The German artist Albrecht Dürer (1471-1528) was the artist of the northern renaissance; the somewhat delayed and chillier version of the renaissance in Italy. This was the major precursor to the protestant reformation. Dürer’s depictions of nature, portraiture, religious triptychs and symbolic scenes can be read as a tangled, yet elegant map of the rich intellectual firmament of that age. He was a vortex of his time.
Dürer is credited with illustrating one of the earliest European depictions of a rhinoceros and of military artillery. His woodcut Melancholia I is a rich, symbolic puzzle hiding a zoo of medieval and renaissance icons of melancholy, and I hope in a later post to write an article on how it connects with Goethe’s Faust and depictions of the medical radical and alchemist Paracelsus.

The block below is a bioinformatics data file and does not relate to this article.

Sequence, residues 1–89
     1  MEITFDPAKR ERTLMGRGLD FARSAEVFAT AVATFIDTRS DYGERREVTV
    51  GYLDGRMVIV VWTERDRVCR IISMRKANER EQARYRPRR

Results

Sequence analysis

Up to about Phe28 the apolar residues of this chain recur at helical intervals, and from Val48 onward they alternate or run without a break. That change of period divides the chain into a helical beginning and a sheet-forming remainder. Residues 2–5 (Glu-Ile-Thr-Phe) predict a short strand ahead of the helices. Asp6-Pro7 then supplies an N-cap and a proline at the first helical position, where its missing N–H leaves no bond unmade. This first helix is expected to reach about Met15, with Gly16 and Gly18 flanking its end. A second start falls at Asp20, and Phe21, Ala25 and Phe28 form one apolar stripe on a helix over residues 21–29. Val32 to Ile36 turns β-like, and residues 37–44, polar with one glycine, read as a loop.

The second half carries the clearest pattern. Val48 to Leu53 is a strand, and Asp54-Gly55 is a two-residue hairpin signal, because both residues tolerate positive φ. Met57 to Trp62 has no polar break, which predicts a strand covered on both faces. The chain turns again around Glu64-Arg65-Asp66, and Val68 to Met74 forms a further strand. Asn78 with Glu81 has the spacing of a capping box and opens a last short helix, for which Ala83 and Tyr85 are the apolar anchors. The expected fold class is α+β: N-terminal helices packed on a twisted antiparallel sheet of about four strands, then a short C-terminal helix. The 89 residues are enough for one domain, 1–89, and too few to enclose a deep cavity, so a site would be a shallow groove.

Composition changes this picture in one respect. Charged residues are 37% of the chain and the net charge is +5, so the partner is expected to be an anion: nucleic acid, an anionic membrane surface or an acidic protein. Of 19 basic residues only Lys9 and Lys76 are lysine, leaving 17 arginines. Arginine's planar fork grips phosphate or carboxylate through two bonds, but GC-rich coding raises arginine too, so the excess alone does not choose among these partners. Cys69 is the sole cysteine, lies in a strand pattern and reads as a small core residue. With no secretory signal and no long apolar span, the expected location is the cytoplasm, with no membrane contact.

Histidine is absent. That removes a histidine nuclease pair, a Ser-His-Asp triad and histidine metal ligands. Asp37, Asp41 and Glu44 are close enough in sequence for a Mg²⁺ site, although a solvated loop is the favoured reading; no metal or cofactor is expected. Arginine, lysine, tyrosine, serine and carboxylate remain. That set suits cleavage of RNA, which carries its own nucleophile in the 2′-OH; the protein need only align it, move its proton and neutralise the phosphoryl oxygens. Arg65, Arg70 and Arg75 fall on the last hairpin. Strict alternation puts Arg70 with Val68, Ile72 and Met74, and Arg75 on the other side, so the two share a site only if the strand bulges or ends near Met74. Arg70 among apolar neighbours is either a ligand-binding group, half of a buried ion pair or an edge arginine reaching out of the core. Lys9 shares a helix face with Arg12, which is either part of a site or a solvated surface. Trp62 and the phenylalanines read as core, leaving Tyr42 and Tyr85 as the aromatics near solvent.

An artisan sympathetic to the work of Martin Luther, he nevertheless sustained much of the catholic tradition of religious artwork. In this way, like few artists of his time, he stands between the two polls at the break of the reformation.
Galileo, Kepler and Nietzsche commented on his work, as well as many other early modern and modern authors, such as the German W.G. Sebald. His works have been returned to time and time again for inspiration and reflection, yet few outside of the academic community seem to know much about him. Any artist, writer or philosopher seeking to understand their origins should turn to Dürer’s works, and see within them something of where next to venture.
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